Seafarers Are Happy!
New report from the Mission to Seafarers paints optimistic picture across the shipping industry and shows increased positivity and satisfaction among those working at sea.
After concerning reports earlier in the year, the latest Seafarers Happiness Index, a gauge for measuring the feelings and experiences of seafarers across the global maritime industry, report has shown a marked improvement in happiness levels amongst seafarers across all sectors of the industry.
The latest report overall seafarer happiness has risen from 6.27/10 to 6.59 – a very promising sign for the industry.
Happiness regarding interaction with other crew members has also increased notably, up to 7.28 from 6.85 last quarter. This is one of the highest figures provided in the five years since the report began and suggests a growing sense of comradery amongst seafarers.
The latest report, which covers the third quarter of the year also saw a record number of participants engaging with the Seafarers Happiness Index. This is encouraging as it suggests that more seafarers see the value in having their voice heard on a global platform.
After findings from the second quarter of the year showed happiness amongst seafarers onboard cruise and ferry vessels to be 15% lower than other vessels, it is very encouraging to see that happiness levels in this sector leapt up a full point to 6.3/10. It is hoped that this indicates an improvement in working conditions, while the pressures from a busy summer season are also likely to have eased.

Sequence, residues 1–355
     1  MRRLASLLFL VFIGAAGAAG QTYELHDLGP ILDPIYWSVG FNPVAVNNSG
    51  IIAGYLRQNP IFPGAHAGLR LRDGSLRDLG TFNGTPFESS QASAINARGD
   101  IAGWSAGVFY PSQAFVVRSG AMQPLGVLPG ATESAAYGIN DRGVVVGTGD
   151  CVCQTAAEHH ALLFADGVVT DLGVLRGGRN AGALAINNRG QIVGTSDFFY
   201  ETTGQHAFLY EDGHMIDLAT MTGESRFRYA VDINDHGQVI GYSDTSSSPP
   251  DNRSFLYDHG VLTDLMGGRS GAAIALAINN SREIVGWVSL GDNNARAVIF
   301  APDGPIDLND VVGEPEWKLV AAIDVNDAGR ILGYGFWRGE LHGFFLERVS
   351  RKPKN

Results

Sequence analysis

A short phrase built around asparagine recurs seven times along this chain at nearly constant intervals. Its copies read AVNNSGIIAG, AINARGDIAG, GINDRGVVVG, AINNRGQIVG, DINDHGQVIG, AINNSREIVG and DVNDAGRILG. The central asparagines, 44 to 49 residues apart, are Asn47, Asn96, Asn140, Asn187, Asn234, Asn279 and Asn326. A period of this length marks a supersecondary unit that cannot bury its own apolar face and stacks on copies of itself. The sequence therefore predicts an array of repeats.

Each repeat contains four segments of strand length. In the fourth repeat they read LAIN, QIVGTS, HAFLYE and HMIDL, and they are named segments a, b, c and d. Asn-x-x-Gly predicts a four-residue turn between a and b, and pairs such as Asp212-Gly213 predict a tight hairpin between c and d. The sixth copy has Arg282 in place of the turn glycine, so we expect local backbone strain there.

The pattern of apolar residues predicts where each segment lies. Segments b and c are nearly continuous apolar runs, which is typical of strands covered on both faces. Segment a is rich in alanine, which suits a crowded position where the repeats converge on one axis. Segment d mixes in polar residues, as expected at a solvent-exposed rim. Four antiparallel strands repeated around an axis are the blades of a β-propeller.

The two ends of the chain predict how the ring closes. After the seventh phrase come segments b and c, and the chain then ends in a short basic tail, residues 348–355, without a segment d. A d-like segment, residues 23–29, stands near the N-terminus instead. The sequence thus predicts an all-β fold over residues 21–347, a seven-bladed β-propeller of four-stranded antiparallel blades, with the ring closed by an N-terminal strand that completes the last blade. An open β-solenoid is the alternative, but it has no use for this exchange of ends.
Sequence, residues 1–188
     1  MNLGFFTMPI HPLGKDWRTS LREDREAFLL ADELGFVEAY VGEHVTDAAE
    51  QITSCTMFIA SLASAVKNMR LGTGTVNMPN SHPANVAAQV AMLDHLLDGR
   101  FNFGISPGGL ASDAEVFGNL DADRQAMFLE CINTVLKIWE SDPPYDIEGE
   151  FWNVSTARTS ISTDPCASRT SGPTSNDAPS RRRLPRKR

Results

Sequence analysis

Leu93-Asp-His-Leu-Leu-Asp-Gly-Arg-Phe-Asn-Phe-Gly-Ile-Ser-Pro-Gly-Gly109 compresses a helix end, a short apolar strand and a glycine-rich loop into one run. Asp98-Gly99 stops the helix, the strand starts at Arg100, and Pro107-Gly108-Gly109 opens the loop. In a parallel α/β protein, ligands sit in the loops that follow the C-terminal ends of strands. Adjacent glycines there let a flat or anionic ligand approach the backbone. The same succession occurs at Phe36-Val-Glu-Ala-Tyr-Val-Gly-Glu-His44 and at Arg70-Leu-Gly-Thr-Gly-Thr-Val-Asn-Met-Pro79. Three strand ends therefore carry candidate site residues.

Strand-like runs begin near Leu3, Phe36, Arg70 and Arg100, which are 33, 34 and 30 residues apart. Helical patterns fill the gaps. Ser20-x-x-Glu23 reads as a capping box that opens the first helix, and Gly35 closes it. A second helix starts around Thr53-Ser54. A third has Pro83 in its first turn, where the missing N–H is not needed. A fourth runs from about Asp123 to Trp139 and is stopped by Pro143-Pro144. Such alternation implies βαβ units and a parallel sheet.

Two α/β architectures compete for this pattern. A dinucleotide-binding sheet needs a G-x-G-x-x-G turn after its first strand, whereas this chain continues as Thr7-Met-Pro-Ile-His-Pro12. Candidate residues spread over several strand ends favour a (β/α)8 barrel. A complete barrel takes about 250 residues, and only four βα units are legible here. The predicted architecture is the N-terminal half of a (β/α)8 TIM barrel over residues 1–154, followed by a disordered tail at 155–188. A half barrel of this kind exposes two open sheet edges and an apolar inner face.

While results across the board were generally very positive, the anecdotal evidence from seafarers identified a number of ongoing concerns. The impending IMO 2020 sulfur cap appears to be a source of stress for many seafarers.
The report indicates that there is a widespread fear of blame for non-compliance, suggesting that some seafarers don’t feel prepared for the cap, which comes into effect in the New Year. Many participants reported concerns that discrepancies in data, in addition to tougher inspection regimes, could result in seafarers facing prosecution by authorities.
While there has been much attention given to the financial impact of IMO 2020 on shipowners, this evidence shines a light on the day-to-day pressures on those serving at sea and the need for governments and shipowners to prepare seafarers for the change.
The report indicates that the companies investing more resources into training have happier crews – highlighting the importance of seafarers feeling confident in their own abilities and with the responsibilities placed upon them by new regulations.